Wallace Stevens
FOR THE DYING May death come gently toward you, Leaving you time to make your way Through the cold embrace of fear To the place of inner tranquillity. May death arrive only after a long life To find you at home among your own With every comfort and care you require. May your leave-taking be gracious, Enabling you to hold dignity Through awkwardness and illness. May you see the reflection Of your life’s kindness and beauty In all the tears that fall for you. As your eyes focus on each face, May your soul take its imprint, Drawing each image within As companions for the journey. May you find for each one you love A different locket of jeweled words To be worn around the heart To warm your absence. May someone who knows and loves The complex village of your heart Be there to echo you back to yourself And create a sure word-raft To carry you to the further shore. May your spirit feel The surge of true delight When the veil of the visible Is raised, and you glimpse again The living faces Of departed family and friends. May there be some beautiful surprise Waiting for you inside death, Something you never knew or felt, Which with one simple touch, Absolves you of all loneliness and loss, As you quicken within the embrace For which your soul was eternally made. May your heart be speechless At the sight of the truth Of all belief had hoped, Your heart breathless In the light and lightness Where each and everything Is at last its true self Within that serene belonging That dwells beside us On the other side Of what we see.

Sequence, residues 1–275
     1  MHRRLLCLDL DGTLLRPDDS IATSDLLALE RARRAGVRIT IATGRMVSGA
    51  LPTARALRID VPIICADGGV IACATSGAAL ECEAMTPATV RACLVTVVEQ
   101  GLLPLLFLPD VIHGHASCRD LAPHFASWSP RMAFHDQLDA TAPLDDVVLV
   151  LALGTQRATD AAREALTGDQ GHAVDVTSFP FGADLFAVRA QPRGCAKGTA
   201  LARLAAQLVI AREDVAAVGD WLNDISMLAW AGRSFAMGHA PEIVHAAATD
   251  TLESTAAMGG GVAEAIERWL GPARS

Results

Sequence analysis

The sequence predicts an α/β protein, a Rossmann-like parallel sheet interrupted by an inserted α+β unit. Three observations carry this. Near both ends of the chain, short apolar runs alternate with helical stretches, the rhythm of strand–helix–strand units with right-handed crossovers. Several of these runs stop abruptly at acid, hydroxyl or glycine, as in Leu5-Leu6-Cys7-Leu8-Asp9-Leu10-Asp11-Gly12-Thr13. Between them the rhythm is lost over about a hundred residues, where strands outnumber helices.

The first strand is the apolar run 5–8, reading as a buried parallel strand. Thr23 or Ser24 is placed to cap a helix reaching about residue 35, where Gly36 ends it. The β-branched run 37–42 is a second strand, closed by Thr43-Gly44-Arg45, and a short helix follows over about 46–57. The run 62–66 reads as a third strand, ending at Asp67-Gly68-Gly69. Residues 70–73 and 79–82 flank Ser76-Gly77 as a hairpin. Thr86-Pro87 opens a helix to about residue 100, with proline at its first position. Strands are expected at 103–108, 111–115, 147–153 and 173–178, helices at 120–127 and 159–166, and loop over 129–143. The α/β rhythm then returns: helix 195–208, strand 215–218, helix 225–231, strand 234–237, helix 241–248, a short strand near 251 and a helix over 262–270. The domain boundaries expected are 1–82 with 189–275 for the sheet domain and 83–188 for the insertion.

John O'Donohue (To Bless the Space Between Us: A Book of Invocations and Blessings)